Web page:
Yesterday I caught myself listening to Olivia Rodrigo’s new album “Sour” on repeat. I’m not ashamed to admit that I love a good teen bop. As I was listening, I started to really listen to the lyrics, and it made me want to hug Olivia and ask, “who hurt you?” The pain and hurt in the lyrics are so raw. She expresses every emotion from anger, pain, sadness, loneliness, and more. Olivia is 18 years old. She sings, “I’ve lost my mind, I’ve spent the night, cryin’ on the floor of my bathroom.” At 18 years old, she is able to express the pain of heartbreak through her gift of songwriting. At 18, I could barely hold a conversation with a guy, let alone write a song about it.
This is the reality of the world. Teenagers are experiencing things way earlier than previous generations. Most teenagers will experience some romantic heartbreak in High School. So how do we help them? Below are practicals to keep in mind when helping a teenager deal with heartbreak.
Validate their emotions
With age comes wisdom. So, most of us may know that heartbreak and pain from a relationship are temporary. But we all probably remember as a teenager just how permanent the pain felt in that moment. We need to make sure that we validate their pain and suffering. For them, in the present moment, it’s real, significant, and it hurts. Try not to minimize their reality and emotions. Say things like, “I know this is difficult” or “breakups can be painful.” Try avoiding statements like, “most high school relationships don’t last” or “you’ll get over it.”
Culture often tells us that girls are emotional. Therefore, for a girl experiencing heartbreak, they will most likely show more emotion than a male would. But that’s not always the case. Forget the stereotypes that culture feeds us. Instead, be open to the countless ways that teenagers express their hurt and pain. It may involve tears, anger, or isolation, but no matter how they choose to express their heartbreak, remember that this is how they are choosing to express themselves.
Teens are always seeking a safe place to vent and share. Be their listening ear that is available to hear them. They may not need advice; instead, hear them out. They may not be open to sharing everything with you, and that’s ok. Make sure to encourage them to share with another trusted adult or friend.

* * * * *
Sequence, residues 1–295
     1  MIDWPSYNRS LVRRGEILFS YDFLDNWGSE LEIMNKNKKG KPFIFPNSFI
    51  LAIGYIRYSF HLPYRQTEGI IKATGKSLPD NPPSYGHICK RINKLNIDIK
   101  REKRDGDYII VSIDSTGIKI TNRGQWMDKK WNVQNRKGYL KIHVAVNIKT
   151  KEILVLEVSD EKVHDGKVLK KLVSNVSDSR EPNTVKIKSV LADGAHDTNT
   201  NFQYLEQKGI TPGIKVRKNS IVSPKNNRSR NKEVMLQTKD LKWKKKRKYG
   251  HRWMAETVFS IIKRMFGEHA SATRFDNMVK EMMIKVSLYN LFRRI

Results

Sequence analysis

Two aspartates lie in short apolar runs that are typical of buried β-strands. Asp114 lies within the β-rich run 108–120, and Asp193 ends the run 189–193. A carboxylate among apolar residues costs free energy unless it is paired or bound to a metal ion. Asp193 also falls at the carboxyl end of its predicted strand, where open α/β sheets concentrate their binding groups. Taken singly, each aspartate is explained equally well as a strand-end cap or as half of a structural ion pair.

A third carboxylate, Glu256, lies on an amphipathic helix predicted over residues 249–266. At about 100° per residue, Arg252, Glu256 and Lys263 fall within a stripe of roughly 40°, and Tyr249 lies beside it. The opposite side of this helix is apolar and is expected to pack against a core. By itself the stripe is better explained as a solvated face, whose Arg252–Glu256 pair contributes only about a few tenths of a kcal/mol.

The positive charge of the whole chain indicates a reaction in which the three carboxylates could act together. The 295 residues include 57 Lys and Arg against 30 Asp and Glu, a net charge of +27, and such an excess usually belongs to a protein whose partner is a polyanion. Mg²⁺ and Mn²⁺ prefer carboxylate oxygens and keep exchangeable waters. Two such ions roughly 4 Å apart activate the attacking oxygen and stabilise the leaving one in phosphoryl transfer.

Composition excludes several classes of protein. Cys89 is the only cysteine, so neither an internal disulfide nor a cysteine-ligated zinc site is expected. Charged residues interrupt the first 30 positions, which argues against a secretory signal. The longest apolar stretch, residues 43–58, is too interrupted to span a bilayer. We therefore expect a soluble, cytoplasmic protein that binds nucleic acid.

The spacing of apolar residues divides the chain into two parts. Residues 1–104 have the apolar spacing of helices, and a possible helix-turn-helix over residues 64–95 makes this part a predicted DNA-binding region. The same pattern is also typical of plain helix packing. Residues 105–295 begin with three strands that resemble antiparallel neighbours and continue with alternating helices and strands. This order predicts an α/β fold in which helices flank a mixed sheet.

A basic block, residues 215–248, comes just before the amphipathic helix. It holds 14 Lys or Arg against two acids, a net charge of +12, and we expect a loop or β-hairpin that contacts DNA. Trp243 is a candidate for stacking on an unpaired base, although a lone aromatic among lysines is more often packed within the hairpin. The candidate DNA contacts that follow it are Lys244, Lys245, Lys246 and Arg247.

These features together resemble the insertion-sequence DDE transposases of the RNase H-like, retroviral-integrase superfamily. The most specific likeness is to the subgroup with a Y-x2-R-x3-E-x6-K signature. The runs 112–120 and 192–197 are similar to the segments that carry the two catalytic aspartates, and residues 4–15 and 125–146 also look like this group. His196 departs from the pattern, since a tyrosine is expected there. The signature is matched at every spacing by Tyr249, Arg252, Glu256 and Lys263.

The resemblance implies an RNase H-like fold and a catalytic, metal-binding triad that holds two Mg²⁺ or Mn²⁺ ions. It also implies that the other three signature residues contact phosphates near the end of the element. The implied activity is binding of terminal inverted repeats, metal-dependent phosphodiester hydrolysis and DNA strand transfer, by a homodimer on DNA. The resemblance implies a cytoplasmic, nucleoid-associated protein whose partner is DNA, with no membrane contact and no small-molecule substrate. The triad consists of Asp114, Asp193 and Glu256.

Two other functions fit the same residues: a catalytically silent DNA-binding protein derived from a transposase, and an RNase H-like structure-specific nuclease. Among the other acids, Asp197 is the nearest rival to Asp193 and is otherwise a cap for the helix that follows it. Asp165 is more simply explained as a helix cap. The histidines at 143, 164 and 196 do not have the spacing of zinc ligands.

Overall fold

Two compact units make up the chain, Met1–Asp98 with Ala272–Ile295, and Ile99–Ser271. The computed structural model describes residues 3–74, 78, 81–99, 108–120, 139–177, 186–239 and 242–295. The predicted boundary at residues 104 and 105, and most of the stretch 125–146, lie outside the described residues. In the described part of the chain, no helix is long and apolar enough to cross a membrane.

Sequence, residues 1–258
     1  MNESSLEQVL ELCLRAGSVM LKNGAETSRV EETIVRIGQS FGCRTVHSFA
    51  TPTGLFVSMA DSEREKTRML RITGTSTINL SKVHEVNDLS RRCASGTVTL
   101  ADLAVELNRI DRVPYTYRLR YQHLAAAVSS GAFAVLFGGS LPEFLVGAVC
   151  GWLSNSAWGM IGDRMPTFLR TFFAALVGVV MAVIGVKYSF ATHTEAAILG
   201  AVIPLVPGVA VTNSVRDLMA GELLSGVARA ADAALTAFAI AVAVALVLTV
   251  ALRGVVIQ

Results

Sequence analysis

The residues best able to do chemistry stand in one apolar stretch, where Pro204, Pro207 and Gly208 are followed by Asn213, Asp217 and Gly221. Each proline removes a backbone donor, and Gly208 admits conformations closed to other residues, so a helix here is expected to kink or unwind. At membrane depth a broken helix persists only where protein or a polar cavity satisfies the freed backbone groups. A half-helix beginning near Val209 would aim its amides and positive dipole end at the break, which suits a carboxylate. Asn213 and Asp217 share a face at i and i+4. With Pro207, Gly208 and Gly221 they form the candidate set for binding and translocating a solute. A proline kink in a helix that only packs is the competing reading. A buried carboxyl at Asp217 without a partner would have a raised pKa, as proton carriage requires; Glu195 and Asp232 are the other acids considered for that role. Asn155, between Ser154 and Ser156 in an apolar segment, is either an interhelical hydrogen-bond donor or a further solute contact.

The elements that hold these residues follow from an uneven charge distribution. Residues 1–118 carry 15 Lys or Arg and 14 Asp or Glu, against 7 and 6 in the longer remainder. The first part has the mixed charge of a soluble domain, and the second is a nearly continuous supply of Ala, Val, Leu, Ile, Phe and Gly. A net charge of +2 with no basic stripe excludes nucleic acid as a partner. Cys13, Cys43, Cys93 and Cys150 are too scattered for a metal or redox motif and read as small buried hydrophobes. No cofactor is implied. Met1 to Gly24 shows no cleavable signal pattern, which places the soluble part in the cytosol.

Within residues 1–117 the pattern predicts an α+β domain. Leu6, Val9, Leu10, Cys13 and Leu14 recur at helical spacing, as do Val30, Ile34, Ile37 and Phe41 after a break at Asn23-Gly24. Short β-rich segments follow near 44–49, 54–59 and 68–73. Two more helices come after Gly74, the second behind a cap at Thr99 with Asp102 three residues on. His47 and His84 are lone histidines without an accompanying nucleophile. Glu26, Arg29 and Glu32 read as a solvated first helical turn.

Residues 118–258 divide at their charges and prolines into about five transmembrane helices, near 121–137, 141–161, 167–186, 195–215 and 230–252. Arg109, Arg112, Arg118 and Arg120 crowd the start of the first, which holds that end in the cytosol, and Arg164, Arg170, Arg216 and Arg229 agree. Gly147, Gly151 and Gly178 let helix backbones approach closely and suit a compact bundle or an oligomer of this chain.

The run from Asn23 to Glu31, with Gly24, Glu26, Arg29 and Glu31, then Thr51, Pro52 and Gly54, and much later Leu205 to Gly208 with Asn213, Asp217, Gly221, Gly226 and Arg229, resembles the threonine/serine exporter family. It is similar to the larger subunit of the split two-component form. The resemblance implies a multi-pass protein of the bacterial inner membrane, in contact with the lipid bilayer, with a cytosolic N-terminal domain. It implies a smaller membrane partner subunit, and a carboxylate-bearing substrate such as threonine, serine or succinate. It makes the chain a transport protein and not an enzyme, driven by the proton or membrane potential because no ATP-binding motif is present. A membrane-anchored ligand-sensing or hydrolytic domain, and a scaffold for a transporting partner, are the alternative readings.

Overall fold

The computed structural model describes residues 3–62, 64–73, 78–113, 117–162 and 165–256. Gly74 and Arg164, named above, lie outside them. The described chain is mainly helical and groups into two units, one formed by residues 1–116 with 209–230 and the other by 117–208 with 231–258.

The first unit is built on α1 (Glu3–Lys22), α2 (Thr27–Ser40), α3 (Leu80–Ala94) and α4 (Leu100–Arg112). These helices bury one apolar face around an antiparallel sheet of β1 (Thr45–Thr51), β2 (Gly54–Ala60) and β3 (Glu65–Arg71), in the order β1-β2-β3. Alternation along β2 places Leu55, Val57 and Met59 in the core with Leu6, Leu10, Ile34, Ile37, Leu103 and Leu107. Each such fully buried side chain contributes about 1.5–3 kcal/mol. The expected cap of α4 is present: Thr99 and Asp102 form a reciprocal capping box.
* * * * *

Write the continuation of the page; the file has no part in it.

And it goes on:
Support their decision
If your teen was the one to initiate the breakup, support them in their decision. Even if they broke up with the sweetest teen ever, they need your support whether you agree or disagree with their decision. Do not attempt to talk them out of it or focus on their decision. Instead, attempt to talk about their emotions, feelings, and support them in their present state.
Let the roller coaster ride
Once the initial emotions pass in the first few days, they may have a few good days and think they are healing. But healing is not linear. Some days will be better than others. Riding the emotional roller coaster is healthy and normal. Celebrate the good days, but be with them in the bad ones as well.
Seek help with necessary
The pain of heartbreak may linger on longer than we may be qualified for. Know your limits, and don’t hesitate to encourage them to seek professional help. (Read more on helping teens with mental health, and helping parents find a therapist). If you notice signs of depression, eating problems, or sleeping too much or too little, it might be time to seek additional help.
The only thing worse than your own personal heartbreak is watching someone suffer and feeling like you cannot help them. Know that even though at times, it may not seem like you’re helping, you are. Offer up the suffering to the one who knows pain and knows heartbreak. God is the one whom we can find reassurance and comfort in.